Accounting for Investment in National CineMedia, LLC and Related Agreements

We have an investment in NCM. NCM operates a digital in-theatre network in the U.S. for providing cinema advertising and non-film events. Upon joining NCM, we entered into an Exhibitor Services Agreement, or ESA, with NCM pursuant to which NCM provides advertising, promotion and event services to our theatres. On February 13, 2007, National CineMedia, Inc., or NCM Inc., a newly formed entity that serves as a member and the sole manager of NCM, completed an initial public offering of its common stock. In connection with the NCM Inc. initial public offering, we amended our operating agreement and the Exhibitor Services Agreement, or ESA, with NCM and received proceeds related to the modification of the ESA and our sale of certain of shares in NCM. The ESA modification reflected a shift from circuit share expense under the prior Exhibitor Services Agreement, which obligated NCM to pay us a percentage of revenue, to a monthly theatre access fee, which significantly reduced the contractual amounts paid to the Company by NCM. The Company recorded the proceeds related to the ESA modification as deferred revenue. As a result of the proceeds received as part of the NCM, Inc. initial public offering, the Company had a negative basis in its original membership units in NCM (referred to herein as its Tranche 1 Investment). The Company does not recognize undistributed equity in the earnings on its Tranche 1 Investment until NCM's future net earnings, less distributions received, surpass the amount of the excess distribution. The Company recognizes equity in earnings on its Tranche 1 Investment only to the extent it receives cash distributions from NCM. The Company believes that the accounting model provided by ASC 323-10-35-22 for recognition of equity investee losses in excess of an investor's basis is analogous to the accounting for equity income subsequent to recognizing an excess distribution.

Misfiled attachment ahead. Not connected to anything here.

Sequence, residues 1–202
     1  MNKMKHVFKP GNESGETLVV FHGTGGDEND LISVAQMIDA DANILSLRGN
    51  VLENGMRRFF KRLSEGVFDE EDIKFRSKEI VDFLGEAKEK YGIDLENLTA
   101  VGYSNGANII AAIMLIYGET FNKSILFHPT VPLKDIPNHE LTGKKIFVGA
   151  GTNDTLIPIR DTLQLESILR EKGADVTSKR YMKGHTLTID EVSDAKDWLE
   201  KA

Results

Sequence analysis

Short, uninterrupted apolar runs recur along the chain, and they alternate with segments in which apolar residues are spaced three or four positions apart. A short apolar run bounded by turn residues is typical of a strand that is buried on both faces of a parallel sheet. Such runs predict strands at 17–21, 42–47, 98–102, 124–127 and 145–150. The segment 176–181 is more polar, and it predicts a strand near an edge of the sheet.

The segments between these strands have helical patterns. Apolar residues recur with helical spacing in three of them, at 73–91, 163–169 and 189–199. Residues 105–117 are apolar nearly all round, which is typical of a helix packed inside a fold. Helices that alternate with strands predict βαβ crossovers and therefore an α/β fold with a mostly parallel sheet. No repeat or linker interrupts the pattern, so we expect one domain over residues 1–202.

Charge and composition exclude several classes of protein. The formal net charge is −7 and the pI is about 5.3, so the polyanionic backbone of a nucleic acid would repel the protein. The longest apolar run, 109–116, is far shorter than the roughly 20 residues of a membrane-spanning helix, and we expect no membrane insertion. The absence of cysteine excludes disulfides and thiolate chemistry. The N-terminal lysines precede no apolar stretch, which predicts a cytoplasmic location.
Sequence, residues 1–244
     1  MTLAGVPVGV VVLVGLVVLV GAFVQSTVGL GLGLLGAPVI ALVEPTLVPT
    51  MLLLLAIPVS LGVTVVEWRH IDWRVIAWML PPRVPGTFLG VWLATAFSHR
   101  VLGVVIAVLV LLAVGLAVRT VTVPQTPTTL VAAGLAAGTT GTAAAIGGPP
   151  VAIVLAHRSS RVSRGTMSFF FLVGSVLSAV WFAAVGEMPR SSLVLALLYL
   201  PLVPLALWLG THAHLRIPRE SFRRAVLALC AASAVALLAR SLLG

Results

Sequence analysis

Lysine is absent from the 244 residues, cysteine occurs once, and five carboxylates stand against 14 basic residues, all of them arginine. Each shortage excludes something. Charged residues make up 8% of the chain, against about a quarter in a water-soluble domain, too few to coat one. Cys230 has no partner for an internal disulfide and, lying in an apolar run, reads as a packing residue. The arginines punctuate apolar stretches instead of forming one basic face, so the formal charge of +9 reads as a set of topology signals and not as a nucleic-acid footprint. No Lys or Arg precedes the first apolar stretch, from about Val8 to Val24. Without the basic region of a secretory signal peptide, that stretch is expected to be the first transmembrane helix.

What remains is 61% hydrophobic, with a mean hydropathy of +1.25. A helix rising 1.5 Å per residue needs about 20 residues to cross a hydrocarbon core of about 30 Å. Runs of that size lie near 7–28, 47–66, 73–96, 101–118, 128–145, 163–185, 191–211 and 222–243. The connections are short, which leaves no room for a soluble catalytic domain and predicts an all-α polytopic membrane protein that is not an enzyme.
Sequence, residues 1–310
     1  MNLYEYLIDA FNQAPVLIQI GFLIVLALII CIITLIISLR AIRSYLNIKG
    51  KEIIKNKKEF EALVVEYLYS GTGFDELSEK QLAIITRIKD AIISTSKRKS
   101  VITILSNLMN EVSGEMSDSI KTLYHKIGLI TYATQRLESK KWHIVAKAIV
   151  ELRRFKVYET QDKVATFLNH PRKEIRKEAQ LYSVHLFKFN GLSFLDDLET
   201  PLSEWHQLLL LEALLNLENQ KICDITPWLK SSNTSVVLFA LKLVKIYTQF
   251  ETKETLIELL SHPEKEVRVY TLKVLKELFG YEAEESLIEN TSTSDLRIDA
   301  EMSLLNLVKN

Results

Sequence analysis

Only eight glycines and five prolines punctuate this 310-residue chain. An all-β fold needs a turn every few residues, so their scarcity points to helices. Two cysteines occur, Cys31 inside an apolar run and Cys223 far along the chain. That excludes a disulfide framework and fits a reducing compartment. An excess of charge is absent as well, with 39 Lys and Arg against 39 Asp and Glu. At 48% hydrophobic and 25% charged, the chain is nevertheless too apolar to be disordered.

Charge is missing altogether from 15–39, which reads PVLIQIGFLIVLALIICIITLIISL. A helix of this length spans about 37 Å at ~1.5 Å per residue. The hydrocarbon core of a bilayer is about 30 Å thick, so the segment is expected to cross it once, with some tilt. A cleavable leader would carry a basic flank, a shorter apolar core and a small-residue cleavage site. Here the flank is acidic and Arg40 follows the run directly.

Pursuant to a Common Unit Adjustment Agreement dated as of February 13, 2007 between NCM, Inc. and Cinemark, AMC and Regal, collectively referred to as its Founding Members, annual adjustments to the common membership units are made primarily based on increases or decreases in the number of theatre screens operated and theatre attendance generated by each Founding Member. To account for the receipt of additional common units under the Common Unit Adjustment Agreement, the Company follows the guidance in ASC 323-10-35-29 (formerly EITF 02-18, Accounting for Subsequent Investments in an Investee after Suspension of Equity Loss Recognition) by analogy, which also refers to AICPA Technical Practice Aid 2220.14, which indicates that if a subsequent investment is made in an equity method investee that has experienced significant losses, the investor must determine if the subsequent investment constitutes funding of prior losses. The Company concluded that the construction or acquisition of new theatres that has led to the common unit adjustments equates to making additional investments in NCM. The Company evaluated the receipt of the additional common units in NCM and the assets exchanged for these additional units and has determined that the right to use its incremental new screens would not be considered funding of prior losses. The Company accounts for these additional common units (referred to herein as its Tranche 2 Investment) as a separate investment than its Tranche 1 Investment. The common units received are recorded at fair value as an increase in the Company’s investment in NCM with an offset to deferred revenue. The deferred revenue is amortized over the remaining term of the ESA. The Tranche 2 Investment is accounted for following the equity method, with undistributed equity earnings related to its Tranche 2 Investment included as a component of equity in income of affiliates and distributions received related to its Tranche 2 Investment are recorded as a reduction of its investment basis.